Yesterday would have been my friend Michelle’s 45th birthday, if cancer hadn’t taken her when she was 38.
Yesterday, a friend had a memorial service across the country for her mom who died of cancer earlier this year.
They were both from the same state which made their coinciding date stick out to me more than perhaps it otherwise might have.
At least two Facebook friends have lost parents to cancer in the last couple of weeks.
A friend is missing her husband, with whom she didn’t get to celebrate their fifth anniversary. His 37th birthday would have been two days ago, if cancer hadn’t taken him three years ago.
I see comments on threads of survivors saying they survived because God wasn’t done with them yet, and I struggle to see how that is anything better than a slap in the face to the survivors of those we’ve lost. I guess God was done with them?
Regardless, I don’t think cheating death gives anyone an obligation larger than everyone and anyone’s obligation to make a positive contribution. We all have the obligation to leave things a little better than we found them. I don’t do good things because I got a new lease on life, I do them because they’re the right thing to do. And when I fail to do good things, it’s not my sudden realization that modern medicine saved my life that causes a course correction, it’s learning what and how I did wrong. To the extent possible, I live by the mantra offered to all of us by Maya Angelou: when you know better, do better.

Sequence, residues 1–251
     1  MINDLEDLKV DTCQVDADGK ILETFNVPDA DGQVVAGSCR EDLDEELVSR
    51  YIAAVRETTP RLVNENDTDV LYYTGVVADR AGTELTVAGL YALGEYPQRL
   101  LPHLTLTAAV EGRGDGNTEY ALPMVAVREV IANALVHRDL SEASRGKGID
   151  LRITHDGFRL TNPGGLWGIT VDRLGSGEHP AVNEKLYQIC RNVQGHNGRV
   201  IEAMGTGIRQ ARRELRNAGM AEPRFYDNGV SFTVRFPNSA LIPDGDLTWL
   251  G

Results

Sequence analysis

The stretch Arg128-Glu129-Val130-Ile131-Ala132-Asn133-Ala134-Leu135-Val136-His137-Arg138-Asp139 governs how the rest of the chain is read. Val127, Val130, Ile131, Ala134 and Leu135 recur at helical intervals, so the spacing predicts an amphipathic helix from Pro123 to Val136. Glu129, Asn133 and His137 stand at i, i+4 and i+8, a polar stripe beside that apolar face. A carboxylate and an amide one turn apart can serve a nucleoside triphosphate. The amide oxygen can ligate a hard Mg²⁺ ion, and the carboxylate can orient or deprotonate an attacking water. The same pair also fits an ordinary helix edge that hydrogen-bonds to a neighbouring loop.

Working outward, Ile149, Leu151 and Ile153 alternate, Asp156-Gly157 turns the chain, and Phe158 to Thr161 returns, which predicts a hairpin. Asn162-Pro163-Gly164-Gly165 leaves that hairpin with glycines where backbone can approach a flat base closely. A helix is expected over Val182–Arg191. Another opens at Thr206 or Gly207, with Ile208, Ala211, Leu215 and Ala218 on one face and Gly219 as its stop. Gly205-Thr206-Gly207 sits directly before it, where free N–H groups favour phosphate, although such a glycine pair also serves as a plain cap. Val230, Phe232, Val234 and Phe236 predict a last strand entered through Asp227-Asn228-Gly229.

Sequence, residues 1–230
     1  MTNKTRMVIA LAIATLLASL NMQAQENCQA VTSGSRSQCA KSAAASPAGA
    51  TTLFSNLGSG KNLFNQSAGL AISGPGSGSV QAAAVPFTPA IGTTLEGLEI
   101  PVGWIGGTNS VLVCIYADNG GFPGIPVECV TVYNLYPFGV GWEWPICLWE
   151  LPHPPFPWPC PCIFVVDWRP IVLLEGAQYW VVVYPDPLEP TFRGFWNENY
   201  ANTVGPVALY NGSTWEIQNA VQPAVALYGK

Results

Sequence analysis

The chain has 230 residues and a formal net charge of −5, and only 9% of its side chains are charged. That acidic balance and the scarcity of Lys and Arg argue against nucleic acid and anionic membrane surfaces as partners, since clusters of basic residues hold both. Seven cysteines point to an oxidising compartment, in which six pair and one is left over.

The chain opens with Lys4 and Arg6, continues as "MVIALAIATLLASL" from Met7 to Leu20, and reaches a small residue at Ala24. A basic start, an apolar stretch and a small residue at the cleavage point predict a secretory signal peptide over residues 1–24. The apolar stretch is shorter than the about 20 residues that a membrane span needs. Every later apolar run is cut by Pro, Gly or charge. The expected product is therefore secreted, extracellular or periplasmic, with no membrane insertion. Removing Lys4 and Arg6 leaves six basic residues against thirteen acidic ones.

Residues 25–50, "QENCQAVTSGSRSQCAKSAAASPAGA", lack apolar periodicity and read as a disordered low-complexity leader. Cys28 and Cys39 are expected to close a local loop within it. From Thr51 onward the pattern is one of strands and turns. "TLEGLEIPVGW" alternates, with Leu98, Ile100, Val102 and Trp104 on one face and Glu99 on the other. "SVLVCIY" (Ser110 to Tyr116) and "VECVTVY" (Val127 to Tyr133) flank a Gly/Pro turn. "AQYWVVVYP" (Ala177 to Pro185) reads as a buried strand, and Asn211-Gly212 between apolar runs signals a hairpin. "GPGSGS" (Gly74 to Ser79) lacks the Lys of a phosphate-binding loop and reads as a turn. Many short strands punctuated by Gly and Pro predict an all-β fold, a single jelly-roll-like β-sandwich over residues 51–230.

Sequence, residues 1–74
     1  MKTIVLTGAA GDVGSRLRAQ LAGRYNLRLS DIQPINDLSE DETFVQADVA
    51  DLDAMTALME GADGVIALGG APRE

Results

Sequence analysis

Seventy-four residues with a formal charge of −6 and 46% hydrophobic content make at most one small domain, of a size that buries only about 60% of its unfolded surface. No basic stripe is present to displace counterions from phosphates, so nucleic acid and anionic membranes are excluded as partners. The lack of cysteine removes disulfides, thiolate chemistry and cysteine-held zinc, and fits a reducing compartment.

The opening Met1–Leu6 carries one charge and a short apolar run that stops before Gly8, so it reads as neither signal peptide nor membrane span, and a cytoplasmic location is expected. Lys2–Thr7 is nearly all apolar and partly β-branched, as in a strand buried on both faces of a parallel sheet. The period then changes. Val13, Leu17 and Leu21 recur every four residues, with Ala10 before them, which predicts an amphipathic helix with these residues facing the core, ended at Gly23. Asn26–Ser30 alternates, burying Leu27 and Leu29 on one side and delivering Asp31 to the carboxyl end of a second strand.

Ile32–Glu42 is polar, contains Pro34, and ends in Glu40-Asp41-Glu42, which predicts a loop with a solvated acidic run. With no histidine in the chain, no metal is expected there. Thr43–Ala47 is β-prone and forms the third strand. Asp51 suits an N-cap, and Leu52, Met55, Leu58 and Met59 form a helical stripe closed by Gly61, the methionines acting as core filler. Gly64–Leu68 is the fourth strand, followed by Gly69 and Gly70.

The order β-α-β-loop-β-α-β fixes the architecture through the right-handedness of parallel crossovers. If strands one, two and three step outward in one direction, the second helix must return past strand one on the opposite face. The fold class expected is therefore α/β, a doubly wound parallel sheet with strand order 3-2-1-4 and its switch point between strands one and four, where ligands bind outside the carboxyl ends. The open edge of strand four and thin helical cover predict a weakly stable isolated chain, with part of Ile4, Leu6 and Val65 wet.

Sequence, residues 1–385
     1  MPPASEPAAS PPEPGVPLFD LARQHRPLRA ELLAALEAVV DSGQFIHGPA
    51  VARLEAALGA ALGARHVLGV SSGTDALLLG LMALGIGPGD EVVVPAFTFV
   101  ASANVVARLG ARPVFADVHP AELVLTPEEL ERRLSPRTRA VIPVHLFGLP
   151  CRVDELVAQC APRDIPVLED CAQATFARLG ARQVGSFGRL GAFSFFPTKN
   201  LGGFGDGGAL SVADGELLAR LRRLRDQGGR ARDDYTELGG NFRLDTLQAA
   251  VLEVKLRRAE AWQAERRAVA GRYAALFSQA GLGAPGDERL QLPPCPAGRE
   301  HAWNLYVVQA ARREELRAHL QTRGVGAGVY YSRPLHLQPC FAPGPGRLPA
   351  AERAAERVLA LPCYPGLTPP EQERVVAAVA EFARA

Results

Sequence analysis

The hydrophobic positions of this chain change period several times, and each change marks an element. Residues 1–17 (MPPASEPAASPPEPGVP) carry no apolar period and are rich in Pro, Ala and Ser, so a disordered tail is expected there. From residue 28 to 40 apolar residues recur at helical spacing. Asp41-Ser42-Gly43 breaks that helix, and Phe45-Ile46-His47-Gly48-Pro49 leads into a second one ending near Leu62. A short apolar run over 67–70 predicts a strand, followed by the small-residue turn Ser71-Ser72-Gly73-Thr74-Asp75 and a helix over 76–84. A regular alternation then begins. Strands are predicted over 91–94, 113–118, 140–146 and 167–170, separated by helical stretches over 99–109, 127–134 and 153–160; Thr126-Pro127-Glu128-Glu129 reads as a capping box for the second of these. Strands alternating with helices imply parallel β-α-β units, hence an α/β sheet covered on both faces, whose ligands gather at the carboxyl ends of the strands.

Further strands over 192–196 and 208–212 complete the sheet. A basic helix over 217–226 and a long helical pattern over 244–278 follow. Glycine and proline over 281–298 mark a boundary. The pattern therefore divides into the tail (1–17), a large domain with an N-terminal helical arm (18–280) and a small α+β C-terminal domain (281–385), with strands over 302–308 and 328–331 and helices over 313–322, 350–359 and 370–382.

It’s been a long time since I’ve had survivor’s guilt. Reflecting on all those who cancer stole doesn’t infuse that into me. Just like the tumors seemed somewhat random (I’m sure nature knows but science sure doesn’t yet), the cures working were random as well. Because we’re still guessing. Sometimes guessing smarter, but still guessing.
I always come back to the same few points when I become contemplative about cancer and about life. Take whichever one suits you. More than one, if more than one resonates.
Prevention is better than early detection, and we know a fair amount about prevention. Healthy diet, regular exercise, not sitting extended periods of time regularly (sitting is the new smoking), not smoking, ample sleep, controlled stress. Easier said than done … but chemo isn’t easy, either.
Do good. Be kind. Be thoughtful. Delight people. I love to send cards to people for no reason. A full half of them have never been acknowledged, but the ones that have been were deeply appreciated. (The others might have been deeply appreciated as well. Unexpressed gratitude doesn’t mean no gratitude.) Give compliments. Express gratitude. Offer help. Especially if you’re in a funk. So many of us are in a COVID funk right now. Give joy to other people. It will help you and them. Win-win.
When you know better, do better. We have a deep, thirsty need for more of this right now. Instead of defending yourself (or your ancestors), acknowledge mistakes and do better. Better doesn’t mean perfect. Better now probably still means that later, you’re going to know/do better than you’re doing. That’s how we grow. If you’re the same as you were five years ago, I’d argue that you’re doing it wrong.
Even though I already endeavor to do these things, I’m not perfect at any of them and can easily take my own advice.
If you would love a piece of real mail, give me a mailing address. I’ll send you a homemade, hand-written card some time soon. (How soon? Depends on how many I need to write.)
Which one are you taking with you today?